To My Daughter’s Kindergarten Teacher and School Staff:
Thank you so much for everything you did to help my daughter learn and grow this past year. As I am sure you have discovered, she is an absolute delight and her love for school has only grown throughout her year in Kindergarten.
Thank you, also, for all the help you gave me. Unlike my daughter, I was a real project.
It all began well over a year ago, ‘round about Kindergarten Round-Up time. (Ok, that was already 18 months ago?! <sobbing>) I realize now that Kindergarten Round-Up is really more of an efficient way to distribute important information to parents about what to expect and what the school expects of us. All the kids had to do was have fun, eat a snack, and ride the bus.
I also realize that the Kindergarten year is as much about training us parents as it is about educating our children.
I seriously was (ok, still am) one of those parents that just has no clue whatsoever about school, how it works, and what my role is. I knew where the school was, but that was it. This surprises me as I did really well in school back in the day. Maybe I have forgotten all my “school smarts” as it has been literally decades since I attended a public institution.
Which is probably why, after Kindergarten Round-Up, I promptly forgot everything that was told to us. I was too busy mourning the end of preschool, thinking about summer and avoiding thinking about my little girl going off to Kindergarten.
Which is probably why, when September drew near, I had absolutely no clue as to when the first day of school was or what I should be doing to prepare. Luckily, I received a packet in the mail that included a school supply list and dutifully took my daughter to the store to get her supplies.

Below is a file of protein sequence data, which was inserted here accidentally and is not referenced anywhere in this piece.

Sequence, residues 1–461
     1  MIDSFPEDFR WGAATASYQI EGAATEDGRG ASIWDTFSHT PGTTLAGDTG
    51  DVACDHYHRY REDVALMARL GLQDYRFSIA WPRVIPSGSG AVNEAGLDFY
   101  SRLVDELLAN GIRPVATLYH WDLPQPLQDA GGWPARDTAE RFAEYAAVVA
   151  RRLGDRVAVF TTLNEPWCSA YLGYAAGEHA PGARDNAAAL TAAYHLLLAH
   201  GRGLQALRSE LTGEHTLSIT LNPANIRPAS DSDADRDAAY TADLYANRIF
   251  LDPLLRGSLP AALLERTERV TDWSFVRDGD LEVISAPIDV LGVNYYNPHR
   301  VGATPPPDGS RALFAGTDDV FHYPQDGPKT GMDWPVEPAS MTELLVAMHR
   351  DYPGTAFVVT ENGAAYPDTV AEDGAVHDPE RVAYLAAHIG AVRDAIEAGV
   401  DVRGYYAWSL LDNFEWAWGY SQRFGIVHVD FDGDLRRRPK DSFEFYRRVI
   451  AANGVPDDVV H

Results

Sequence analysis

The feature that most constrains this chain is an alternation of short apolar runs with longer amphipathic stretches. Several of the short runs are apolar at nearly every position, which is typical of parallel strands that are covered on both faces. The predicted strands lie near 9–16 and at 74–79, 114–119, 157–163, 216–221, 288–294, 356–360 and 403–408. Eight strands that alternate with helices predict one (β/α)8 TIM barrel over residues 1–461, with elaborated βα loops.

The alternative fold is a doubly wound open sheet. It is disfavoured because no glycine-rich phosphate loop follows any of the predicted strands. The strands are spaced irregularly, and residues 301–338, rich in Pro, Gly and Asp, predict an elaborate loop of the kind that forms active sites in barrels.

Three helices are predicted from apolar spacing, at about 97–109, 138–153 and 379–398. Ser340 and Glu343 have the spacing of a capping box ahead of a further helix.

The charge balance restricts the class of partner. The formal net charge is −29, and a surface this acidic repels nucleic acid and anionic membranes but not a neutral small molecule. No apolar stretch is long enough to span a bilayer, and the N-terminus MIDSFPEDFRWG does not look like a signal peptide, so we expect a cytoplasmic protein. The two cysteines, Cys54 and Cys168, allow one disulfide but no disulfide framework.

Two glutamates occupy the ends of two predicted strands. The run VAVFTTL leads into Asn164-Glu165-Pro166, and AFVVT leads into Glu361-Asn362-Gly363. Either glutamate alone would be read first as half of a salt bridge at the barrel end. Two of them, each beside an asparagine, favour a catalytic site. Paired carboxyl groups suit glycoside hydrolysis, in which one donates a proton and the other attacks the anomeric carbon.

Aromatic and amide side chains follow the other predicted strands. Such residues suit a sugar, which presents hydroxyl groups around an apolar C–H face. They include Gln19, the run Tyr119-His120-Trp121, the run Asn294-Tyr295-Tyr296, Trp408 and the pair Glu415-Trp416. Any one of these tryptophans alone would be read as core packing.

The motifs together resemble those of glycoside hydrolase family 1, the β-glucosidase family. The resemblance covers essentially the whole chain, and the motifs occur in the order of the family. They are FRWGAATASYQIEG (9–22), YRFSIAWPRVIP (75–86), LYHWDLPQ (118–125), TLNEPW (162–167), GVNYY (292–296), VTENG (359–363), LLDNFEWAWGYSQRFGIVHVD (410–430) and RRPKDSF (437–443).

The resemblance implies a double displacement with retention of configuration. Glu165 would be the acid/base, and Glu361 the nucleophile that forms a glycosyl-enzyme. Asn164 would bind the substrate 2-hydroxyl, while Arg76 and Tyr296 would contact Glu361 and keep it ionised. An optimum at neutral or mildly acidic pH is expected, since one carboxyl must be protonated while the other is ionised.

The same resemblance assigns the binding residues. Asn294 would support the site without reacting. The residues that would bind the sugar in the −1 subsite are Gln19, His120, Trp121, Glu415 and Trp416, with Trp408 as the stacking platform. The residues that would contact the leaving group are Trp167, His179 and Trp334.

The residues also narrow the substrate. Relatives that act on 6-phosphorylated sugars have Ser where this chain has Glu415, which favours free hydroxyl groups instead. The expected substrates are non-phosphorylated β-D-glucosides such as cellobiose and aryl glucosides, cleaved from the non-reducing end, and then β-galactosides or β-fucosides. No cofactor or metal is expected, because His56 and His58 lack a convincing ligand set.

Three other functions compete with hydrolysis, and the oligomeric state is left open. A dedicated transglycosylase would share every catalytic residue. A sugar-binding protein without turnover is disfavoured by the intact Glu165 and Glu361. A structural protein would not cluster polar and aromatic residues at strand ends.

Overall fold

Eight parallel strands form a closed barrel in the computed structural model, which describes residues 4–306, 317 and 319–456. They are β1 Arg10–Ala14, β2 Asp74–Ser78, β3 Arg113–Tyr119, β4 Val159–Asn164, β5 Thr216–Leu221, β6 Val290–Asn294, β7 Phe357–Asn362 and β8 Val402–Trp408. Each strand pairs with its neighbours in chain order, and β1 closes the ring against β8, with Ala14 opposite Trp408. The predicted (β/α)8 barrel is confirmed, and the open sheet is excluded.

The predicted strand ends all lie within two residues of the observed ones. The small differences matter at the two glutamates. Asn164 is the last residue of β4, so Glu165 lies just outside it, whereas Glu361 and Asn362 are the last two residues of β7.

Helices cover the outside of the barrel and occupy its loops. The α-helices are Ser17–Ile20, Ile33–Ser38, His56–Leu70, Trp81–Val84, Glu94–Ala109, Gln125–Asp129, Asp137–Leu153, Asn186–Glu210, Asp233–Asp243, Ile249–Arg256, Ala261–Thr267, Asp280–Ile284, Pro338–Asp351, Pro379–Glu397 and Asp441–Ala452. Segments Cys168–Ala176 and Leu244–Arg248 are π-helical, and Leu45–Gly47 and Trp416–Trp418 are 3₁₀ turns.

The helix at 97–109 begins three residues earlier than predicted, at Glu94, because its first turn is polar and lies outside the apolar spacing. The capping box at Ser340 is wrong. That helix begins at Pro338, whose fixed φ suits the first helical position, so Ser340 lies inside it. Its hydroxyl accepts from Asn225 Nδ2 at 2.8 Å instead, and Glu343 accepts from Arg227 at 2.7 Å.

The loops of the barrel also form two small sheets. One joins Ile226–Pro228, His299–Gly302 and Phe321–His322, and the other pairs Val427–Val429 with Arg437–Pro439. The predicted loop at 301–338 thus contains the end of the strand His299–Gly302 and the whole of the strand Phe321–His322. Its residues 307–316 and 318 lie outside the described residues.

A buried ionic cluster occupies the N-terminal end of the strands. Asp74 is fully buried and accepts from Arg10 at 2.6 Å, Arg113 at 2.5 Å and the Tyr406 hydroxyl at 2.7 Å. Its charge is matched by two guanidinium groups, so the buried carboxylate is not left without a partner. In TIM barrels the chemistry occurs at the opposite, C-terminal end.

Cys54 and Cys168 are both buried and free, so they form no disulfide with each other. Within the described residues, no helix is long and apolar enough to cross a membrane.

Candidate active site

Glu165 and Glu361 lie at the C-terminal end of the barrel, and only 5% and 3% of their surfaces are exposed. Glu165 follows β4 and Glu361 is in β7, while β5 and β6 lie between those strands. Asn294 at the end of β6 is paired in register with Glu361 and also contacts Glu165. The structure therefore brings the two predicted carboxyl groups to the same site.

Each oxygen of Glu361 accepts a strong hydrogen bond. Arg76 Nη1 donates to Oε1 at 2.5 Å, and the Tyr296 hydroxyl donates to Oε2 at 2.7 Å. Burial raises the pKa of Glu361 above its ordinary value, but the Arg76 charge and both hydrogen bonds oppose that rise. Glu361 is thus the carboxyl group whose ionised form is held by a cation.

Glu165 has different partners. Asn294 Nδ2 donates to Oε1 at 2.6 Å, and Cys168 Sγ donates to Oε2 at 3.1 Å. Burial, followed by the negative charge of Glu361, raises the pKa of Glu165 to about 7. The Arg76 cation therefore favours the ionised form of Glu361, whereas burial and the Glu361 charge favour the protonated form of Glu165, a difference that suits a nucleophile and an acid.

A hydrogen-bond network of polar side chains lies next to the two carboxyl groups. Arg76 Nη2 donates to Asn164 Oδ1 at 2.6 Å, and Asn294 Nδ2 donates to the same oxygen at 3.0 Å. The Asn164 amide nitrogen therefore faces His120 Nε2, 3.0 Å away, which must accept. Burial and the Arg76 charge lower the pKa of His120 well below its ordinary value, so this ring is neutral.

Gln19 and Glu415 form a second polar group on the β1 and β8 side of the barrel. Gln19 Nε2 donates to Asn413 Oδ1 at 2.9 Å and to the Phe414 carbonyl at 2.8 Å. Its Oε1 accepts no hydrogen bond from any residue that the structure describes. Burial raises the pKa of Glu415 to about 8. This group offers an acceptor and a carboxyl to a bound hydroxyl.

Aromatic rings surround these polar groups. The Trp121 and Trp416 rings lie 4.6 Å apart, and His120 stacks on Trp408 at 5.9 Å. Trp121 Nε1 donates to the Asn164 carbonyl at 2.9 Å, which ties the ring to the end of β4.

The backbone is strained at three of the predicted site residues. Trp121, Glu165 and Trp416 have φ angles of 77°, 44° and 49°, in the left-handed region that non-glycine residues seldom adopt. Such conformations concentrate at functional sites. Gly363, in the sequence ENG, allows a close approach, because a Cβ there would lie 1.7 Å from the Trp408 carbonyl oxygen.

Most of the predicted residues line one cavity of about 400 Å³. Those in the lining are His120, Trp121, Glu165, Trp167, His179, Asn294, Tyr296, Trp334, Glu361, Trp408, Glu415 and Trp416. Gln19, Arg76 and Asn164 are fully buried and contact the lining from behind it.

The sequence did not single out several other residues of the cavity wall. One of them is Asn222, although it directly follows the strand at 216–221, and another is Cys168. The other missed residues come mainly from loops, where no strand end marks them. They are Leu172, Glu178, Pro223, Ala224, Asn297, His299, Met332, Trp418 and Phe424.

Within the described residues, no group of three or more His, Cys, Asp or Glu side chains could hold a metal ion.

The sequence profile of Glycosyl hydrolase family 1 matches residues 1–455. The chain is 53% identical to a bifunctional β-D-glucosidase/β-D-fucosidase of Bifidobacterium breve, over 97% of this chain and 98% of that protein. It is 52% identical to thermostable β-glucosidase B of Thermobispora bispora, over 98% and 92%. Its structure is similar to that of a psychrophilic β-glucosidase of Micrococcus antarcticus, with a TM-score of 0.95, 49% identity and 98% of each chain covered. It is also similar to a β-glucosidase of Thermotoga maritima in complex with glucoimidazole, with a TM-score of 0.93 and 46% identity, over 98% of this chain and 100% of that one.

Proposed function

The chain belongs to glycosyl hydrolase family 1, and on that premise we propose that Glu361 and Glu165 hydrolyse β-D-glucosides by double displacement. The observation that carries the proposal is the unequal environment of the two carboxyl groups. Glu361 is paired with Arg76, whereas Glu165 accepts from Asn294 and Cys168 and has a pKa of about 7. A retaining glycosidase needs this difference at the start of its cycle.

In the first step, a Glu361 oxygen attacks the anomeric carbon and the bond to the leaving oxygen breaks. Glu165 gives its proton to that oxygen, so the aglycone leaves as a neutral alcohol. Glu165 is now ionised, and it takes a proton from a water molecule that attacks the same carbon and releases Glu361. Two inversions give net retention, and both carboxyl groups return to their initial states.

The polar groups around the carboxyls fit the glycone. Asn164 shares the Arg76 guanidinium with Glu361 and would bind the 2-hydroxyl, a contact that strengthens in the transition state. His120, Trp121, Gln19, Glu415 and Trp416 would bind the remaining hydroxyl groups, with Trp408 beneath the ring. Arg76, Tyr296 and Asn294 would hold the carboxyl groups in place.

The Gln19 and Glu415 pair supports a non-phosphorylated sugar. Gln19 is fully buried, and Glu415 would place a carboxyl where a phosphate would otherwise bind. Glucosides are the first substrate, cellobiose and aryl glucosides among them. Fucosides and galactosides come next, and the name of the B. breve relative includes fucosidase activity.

But what about all the other mysteries? When does school start and end each day? What was she expected to bring to school? And to NOT bring? And, most importantly, how the heck does drop-off work?
And then it came to me. I had gotten a Kindergarten Handbook at Kindergarten Round-Up. Yes! The Kindergarten Handbook would tell me everything I needed to know!
The only problem was remembering where I put it.
Seriously, I cannot even tell you how much time I spent looking for the Kindergarten Handbook. After tearing my house apart, I finally had to admit the awful truth.
I had LOST the Kindergarten Handbook.
After a few more days of looking in the same spots I already looked, I finally decided to come to the school and tell you I lost my Handbook and may I please have another? You were super nice about it but how humiliating.
So finally I knew when school started and what time to get her there. But what about the mysteries of the drop-off? (Now THAT would have been a great topic for Kindergarten Round-Up!)